One Good Thing: ‘We’re in this together, Houston’

Amanda Cochran and her small children search for bears throughout their Sugar Land neighborhood.
Amanda Cochran and her small children search for bears throughout their Sugar Land neighborhood. (Richard Zwelling)

HOUSTON – One good thing to think about today is the phrase “We are all in this together.”

It’s a thing people said before this pandemic to cushion a blow, to round out a meeting, to make it all sound some form of right when everyone knows something is wrong.

Now, we all know something is wrong. It’s all around us. The masks. The sick. The distance. And now, when people are saying “We are all in this together,” it doesn’t feel like lip service, it feels like something to cling to in a world of many islands.

We’ve found some ways this week to be together. They have fun names like Zoom and Skype. We’ve jumped into people’s living rooms and studies and nooks. We’ve seen their wall art and pets. We’ve been more exposed to our colleagues and friends than ever before while maintaining distance. And it’s all been all right. In some ways, perhaps even better.

KPRC 2 asked people to share the silver linings of this pandemic. Here’s what you said. Take a look. It just might warm up your heart today.

A SILVER LINING? More time in one spot doesn't have to be a bad thing. Share photo of family together or of yourself...

Posted by KPRC2 / Click2Houston on Thursday, March 26, 2020

I celebrated a birthday party the other day, meeting new people from across the country’s living rooms. One partygoer sat at a cabin in Maine, gently rocking on a screened-in porch. Another person in Oregon lit up something other than tobacco during our call. And yet another in Florida danced in joy behind her kitchen island, celebrating the prospect of a future in-person meeting.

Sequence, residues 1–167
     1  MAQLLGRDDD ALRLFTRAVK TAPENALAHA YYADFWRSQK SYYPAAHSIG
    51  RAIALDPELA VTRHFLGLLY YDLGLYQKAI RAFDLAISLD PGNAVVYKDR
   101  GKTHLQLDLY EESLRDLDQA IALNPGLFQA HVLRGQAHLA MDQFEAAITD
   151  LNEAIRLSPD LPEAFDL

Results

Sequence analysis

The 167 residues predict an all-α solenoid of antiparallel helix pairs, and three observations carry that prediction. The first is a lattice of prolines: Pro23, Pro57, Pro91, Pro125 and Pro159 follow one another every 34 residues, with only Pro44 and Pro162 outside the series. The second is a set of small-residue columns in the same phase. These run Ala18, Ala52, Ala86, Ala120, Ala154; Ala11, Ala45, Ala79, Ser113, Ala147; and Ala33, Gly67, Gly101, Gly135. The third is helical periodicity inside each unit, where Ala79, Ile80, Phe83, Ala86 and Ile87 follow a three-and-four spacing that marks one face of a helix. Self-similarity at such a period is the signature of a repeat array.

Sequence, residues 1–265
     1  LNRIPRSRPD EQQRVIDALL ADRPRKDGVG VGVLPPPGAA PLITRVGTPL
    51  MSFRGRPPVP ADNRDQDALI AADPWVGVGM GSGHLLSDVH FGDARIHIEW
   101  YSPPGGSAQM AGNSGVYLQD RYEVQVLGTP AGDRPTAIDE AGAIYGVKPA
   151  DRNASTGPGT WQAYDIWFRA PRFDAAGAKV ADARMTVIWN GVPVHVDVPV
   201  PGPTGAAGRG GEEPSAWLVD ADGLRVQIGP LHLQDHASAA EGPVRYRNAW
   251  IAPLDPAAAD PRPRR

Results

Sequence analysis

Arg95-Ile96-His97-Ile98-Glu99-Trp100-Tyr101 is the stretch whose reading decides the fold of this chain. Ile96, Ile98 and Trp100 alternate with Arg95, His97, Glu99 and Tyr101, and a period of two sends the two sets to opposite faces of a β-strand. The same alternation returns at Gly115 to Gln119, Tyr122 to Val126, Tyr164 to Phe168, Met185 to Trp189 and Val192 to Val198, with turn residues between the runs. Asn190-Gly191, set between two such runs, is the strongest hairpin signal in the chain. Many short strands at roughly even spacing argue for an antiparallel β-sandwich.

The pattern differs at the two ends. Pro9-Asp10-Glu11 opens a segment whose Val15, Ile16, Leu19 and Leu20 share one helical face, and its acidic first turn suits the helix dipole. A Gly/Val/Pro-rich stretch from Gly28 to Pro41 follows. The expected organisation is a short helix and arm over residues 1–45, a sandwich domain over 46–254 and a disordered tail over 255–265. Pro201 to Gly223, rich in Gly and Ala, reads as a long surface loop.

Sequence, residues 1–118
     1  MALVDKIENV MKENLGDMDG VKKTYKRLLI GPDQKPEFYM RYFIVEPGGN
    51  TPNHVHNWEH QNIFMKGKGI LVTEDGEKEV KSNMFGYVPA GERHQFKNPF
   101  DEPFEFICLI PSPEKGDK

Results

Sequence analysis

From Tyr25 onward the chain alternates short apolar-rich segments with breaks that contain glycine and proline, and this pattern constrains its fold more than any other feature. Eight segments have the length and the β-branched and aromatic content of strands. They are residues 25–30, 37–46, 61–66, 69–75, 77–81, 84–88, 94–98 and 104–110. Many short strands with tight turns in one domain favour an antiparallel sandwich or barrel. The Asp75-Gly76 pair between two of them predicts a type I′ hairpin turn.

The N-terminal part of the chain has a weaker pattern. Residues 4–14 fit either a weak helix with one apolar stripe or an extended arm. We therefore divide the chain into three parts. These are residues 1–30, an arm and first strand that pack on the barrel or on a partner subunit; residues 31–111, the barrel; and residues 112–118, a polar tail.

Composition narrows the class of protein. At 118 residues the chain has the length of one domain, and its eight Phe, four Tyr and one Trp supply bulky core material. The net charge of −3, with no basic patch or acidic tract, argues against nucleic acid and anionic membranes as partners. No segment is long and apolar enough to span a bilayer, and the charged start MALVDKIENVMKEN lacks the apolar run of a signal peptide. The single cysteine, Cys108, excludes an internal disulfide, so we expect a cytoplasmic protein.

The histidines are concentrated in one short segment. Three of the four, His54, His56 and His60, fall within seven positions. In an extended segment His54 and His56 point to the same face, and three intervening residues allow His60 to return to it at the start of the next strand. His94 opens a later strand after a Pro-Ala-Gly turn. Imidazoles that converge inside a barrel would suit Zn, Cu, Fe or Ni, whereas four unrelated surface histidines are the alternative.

I felt great jumping off that call, knowing that distance can be bridged by just reaching out.

And like you, I’ve placed teddy bears in windows and traipsed through the neighborhood myself, stalking bears, my two little ones in tow. Seeing the joy wash over my toddler son’s face when he spotted a bear in the Tudor down the street is a sweet memory we never knew we’d have. And sharing photos on social media with fellow neighborhood parents experiencing the same fun makes it all seem like we’re really, finally, a community – not just some bunch of houses that just happen to be located near each other.

I don’t think I’m the first person who feels like that.

We all want life to go back to the way it was, but it won’t. We’re changed by being apart and by being in this together. You’re not alone, dear friends. May that be one good thing for you today.

About the Author:

An Edward R. Murrow award-winning journalist, Amanda Cochran is a Houston transplant from New York City who has embraced her new city with both arms -- living and breathing news and all things Texas.